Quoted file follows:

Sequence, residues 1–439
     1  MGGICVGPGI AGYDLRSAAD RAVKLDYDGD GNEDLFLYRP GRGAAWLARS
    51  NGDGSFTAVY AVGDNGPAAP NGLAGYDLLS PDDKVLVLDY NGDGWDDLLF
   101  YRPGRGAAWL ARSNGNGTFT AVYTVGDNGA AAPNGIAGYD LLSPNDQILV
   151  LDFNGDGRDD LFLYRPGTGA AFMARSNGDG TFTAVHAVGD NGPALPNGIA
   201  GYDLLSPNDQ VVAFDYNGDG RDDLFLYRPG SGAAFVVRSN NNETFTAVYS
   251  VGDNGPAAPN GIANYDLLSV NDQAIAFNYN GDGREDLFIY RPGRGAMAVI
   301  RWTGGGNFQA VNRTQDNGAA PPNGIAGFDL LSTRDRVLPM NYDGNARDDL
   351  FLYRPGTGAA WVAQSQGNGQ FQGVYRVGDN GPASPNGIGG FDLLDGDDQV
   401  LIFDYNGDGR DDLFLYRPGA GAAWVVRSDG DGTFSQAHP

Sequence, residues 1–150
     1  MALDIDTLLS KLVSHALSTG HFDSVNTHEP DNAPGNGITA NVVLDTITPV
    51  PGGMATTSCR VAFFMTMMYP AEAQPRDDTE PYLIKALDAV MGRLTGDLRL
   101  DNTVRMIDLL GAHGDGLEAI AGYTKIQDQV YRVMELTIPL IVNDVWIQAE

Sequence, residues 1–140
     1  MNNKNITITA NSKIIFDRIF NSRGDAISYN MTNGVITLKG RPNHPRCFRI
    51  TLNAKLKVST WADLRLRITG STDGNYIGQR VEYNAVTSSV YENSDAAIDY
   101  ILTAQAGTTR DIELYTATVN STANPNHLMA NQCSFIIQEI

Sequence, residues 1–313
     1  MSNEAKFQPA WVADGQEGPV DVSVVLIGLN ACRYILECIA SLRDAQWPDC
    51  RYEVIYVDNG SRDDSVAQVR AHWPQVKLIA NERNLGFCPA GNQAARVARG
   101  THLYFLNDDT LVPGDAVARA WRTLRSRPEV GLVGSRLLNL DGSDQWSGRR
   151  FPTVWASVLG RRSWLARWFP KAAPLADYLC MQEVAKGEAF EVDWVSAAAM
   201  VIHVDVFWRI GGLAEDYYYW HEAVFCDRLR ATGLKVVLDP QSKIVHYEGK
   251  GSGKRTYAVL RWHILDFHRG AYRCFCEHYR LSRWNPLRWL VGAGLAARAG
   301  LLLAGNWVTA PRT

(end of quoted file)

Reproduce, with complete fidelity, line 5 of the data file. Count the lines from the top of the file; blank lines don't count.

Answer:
   151  LDFNGDGRDD LFLYRPGTGA AFMARSNGDG TFTAVHAVGD NGPALPNGIA